Federal Government Violated The Law In Marijuana Scheduling Evaluation, Group Says
The federal government erred in its scientific evaluation of marijuana’s therapeutic value and must take steps to correct the issue, a libertarian think tank said in a formal filing on Wednesday.
The Competitive Enterprise Institute (CEI) submitted the request for correction to the U.S. Department of Health and Human Services (HHS), which sent the Drug Enforcement Administration (DEA) a letter about the medical value of cannabis in 2015 that served as the basis for its ongoing status as a Schedule I drug.
But that letter lacked an important element required under the federal Information Quality Act. As a “highly influential scientific assessment” that played a central role in the DEA’s decision to maintain marijuana’s strict prohibition, HHS was required to conduct a scientific peer review of evidence on cannabis and its therapeutic potential.
No such peer review occurred, and CEI argued that HHS should therefore “formally withdraw its evaluation” and “inform the public that the information disseminated should not be relied upon for regulatory or other purposes until a proper peer review has been completed.”
CEI also asked the agency to let the DEA know that HHS “did not follow the proper procedures for being relied upon in such a regulatory proceeding.”
The DEA took great stock in the HHS evaluation in question. In its 2016 denial of a petition to consider rescheduling marijuana, it heavily cited the agency’s findings, which “concluded that marijuana has a high potential for abuse, has no accepted medical use in the United States, and lacks an acceptable level of safety for use even under medical supervision.”
But as CEI pointed out, multiple medical associations and a majority of the public have reached a starkly different conclusion. And because HHS failed to conduct a peer review of the subject, that represented a violation of several provisions outlined in an Office of Management and Budget (OMB) memo on ensuring the quality of scientific information that’s disseminated by the agency.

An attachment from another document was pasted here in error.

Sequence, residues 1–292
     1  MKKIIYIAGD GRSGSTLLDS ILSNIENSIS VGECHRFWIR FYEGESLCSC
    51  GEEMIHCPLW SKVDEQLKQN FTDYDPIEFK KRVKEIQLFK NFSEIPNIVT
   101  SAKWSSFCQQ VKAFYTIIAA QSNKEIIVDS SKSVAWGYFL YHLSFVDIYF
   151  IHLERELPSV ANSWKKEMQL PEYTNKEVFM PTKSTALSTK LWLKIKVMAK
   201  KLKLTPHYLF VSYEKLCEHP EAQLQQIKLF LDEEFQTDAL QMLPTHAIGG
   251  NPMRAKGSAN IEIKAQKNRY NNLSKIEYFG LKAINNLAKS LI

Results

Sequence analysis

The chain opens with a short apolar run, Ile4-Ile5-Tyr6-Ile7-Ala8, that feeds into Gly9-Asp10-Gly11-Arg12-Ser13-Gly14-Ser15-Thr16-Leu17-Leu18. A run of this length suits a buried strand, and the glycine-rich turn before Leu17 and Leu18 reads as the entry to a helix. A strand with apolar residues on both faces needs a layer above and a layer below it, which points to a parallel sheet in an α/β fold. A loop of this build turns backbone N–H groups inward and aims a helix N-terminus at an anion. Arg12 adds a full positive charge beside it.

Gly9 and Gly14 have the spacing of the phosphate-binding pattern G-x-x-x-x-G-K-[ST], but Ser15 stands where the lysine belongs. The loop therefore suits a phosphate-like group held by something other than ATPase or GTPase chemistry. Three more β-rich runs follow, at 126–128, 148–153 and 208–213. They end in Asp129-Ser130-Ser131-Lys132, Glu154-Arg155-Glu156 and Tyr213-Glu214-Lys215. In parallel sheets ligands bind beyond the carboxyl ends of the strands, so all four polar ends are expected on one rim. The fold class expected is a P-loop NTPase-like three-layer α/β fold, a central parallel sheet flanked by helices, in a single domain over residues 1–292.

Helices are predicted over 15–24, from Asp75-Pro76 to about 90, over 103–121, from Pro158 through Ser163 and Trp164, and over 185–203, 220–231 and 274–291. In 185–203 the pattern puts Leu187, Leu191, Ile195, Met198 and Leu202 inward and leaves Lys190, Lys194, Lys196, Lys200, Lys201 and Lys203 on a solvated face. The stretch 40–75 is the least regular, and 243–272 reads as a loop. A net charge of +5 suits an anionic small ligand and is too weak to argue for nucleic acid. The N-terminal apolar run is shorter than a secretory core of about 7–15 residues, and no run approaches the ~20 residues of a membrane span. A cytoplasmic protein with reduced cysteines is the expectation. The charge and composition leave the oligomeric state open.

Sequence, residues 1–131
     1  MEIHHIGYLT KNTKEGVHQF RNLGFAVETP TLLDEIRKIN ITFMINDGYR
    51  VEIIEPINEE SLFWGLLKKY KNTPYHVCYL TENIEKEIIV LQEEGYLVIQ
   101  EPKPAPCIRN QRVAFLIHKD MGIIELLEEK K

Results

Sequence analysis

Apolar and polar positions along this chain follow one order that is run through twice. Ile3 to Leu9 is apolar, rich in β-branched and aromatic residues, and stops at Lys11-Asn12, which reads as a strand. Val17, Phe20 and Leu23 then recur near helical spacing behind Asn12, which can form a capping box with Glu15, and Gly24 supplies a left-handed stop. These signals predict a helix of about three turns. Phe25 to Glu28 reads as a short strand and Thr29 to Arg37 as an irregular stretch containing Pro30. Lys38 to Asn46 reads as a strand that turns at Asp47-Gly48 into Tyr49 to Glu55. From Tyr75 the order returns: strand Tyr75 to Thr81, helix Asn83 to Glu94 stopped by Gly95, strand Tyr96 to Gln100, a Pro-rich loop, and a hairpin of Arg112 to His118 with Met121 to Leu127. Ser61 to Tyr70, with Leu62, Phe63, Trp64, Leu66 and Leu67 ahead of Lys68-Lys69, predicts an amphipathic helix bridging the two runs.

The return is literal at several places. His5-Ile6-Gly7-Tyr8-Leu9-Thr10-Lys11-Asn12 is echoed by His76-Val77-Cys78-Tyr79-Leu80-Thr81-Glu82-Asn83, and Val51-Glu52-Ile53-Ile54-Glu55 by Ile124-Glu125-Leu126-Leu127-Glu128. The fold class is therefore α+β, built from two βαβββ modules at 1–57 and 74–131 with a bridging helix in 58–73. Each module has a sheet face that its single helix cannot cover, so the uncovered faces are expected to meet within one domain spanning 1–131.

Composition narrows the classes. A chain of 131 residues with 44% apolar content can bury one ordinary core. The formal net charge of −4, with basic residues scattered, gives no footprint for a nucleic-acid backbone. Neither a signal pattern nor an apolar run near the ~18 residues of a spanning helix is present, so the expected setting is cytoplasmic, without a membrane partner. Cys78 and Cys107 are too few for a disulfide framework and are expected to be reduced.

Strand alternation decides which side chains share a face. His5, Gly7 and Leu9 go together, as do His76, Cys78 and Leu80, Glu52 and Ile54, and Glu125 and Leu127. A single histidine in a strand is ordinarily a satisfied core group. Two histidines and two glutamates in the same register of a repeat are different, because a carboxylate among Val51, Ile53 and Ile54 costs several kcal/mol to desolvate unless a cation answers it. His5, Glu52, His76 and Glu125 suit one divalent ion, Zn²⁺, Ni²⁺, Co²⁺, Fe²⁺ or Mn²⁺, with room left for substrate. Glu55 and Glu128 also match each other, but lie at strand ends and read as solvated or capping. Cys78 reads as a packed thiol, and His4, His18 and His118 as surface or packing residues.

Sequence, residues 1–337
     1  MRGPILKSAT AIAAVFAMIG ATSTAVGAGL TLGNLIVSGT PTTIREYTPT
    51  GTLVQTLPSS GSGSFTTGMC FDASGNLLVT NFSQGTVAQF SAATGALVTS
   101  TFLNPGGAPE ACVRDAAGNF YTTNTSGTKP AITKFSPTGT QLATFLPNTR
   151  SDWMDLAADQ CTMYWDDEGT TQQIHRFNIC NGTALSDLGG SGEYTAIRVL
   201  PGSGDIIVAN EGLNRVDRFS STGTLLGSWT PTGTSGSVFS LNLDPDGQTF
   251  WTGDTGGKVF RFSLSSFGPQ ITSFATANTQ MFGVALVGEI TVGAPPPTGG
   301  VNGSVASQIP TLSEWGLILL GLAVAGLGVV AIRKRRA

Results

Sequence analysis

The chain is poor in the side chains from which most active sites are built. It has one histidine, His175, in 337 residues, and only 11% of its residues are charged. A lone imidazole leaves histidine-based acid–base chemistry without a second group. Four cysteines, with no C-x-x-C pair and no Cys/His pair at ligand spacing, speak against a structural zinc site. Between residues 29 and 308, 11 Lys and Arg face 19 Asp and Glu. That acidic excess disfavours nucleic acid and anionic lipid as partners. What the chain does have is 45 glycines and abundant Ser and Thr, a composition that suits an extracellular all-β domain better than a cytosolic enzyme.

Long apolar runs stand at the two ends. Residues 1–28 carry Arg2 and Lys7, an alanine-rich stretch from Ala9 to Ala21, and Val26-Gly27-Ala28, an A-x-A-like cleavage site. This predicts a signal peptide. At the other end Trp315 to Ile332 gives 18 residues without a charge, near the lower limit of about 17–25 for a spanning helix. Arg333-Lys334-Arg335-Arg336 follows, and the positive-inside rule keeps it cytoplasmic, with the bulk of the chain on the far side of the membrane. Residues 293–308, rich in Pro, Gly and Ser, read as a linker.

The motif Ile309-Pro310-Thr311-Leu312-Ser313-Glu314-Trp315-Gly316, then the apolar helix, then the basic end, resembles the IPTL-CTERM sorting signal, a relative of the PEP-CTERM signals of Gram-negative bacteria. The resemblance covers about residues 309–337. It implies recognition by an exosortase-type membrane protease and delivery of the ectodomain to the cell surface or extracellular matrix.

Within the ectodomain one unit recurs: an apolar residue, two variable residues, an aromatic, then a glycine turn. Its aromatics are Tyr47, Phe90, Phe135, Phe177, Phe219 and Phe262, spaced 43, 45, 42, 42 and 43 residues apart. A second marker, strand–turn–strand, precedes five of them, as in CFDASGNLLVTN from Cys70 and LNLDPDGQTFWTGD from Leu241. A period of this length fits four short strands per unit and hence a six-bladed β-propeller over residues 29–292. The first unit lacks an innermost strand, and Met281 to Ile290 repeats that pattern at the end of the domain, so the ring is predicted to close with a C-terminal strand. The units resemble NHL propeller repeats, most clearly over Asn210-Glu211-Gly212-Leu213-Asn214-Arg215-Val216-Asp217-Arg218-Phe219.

“Because no peer review was done, the requirements of OMB concerning selection of reviewers, independence, choice of peer review mechanism, opportunity for public participation in the peer review process, and certification of compliance were all violated by HHS,” CEI wrote.
HHS now has 120 days to respond to the group’s request for correction.
“Given that 33 states have legalized medical marijuana, it’s clear that federal policy could be significantly changed by a reassessment of this subject,” Devin Watkins, a CEI attorney, said in a press release.
“The peer review required by the Information Quality Act could play a major role in a reassessment of medical marijuana and would ensure that agencies cannot use uninformed opinion to claim a scientific basis for public policies,” he said. “Independent experts should evaluate the opinion of the agency and inform the agency when it is mistaken.”
Read the full letter from CEI requesting the marijuana correction below:
IQA Marijuana Final Clean by on Scribd
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Photo courtesy of Chris Wallis/Side Pocket Images.